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Woman making a frame around the sun with her hands at sunrise
Woman making a frame around the sun with her hands at sunrise
Woman making a frame around the sun with her hands at sunrise

Bill C-49: Is the Line Haul Interswitching Remedy Really New?

May 2017 Transportation Bulletin François Tougas*, Lucia Stuhldreier*, Ryan Gallagher

As we recently reported, the Government of Canada has introduced the “Transportation Modernization Act” (Bill C-49) into the House, which would amend the Canada Transportation Act (the “CTA”).  Among other things, Bill C-49 proposes a new rail shipper remedy to be known as “long-haul interswitching” (“LHI”).

The LHI remedy would allow a shipper that has access to only one class 1 rail carrier (the local carrier) at a point of origin or destination to apply to the Canadian Transportation Agency for a “long haul interswitching order”.  The order would require the local carrier to transport the shipper’s traffic from that point to the nearest interchange at a rate determined by the Agency, for furtherance beyond by a connecting federal railway company.  We have compared the LHI remedy to the existing competitive line rate (“CLR”) remedy, which Bill C-49 seeks to repeal.

The National Transportation Act Review Commission as far back as 1993 found the CLR remedy had been rendered “largely inoperative” in Canada because CN and CP had simply declined to compete with each other through CLRs.  Some shippers expressed a concern about a prerequisite to its use (namely, agreement with the connecting carrier). The LHI remedy removes that prerequisite.  However, a bigger obstacle to the use of the CLR remedy is whether the terms imposed by the connecting carrier, including the rate, are acceptable.  The LHI remedy does not overcome this obstacle in any way.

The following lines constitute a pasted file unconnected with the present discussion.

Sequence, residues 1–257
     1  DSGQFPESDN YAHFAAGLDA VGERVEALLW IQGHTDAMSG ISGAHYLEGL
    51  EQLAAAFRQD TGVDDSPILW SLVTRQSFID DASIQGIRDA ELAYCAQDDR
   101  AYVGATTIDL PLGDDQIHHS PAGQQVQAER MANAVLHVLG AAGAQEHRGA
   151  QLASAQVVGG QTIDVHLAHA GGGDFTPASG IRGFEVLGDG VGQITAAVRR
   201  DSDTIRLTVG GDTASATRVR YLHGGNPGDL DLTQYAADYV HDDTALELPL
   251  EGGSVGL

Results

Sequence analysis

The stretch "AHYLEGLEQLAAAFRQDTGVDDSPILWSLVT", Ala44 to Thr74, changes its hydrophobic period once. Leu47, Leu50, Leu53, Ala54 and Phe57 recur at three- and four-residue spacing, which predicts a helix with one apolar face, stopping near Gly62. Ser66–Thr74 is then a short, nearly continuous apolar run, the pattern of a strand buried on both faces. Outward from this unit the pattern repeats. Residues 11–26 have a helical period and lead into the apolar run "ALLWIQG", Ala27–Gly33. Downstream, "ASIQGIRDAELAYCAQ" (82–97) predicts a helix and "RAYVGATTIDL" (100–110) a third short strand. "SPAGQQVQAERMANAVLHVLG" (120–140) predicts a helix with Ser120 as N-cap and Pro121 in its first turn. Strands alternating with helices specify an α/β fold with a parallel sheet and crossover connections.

The LHI remedy is also considerably more restrictive than the CLR remedy has ever been. In part, this is because it significantly limits the range of potential applicants.  We have prepared a summary, available upon request from the authors, that identifies many of these limitations and contrasts the LHI and CLR remedies in various key respects.

Despite these restrictions, some shippers may find the LHI remedy useful.  For example, shippers with facilities in Alberta, Saskatchewan or Manitoba that benefit from the current Zone 5 interswitching distance of 160 kilometres may seek to rely upon the LHI remedy when this Zone is eliminated on August 1.  Also, some eligible shippers with facilities located outside those three provinces may be able to use the LHI remedy to reach an interchange with a carrier that is willing to compete for the traffic.  Other means may exist that are more helpful to those and other shippers, however.

Please do not hesitate to contact us if you wish to set up a private briefing to discuss the LHI remedy, Bill C-49 or any of the other shipper remedies under the CTA.

Strategy, Negotiations, Resolution

(from left to right: Louis Zivot, Lucia StuhldreierRyan Gallagher, François Tougas – Co-Chair)

by François Tougas, Lucia Stuhldreier and Ryan Gallagher

A Cautionary Note

The foregoing provides only an overview and does not constitute legal advice. Readers are cautioned against making any decisions based on this material alone. Rather, specific legal advice should be obtained.

© McMillan LLP 2017

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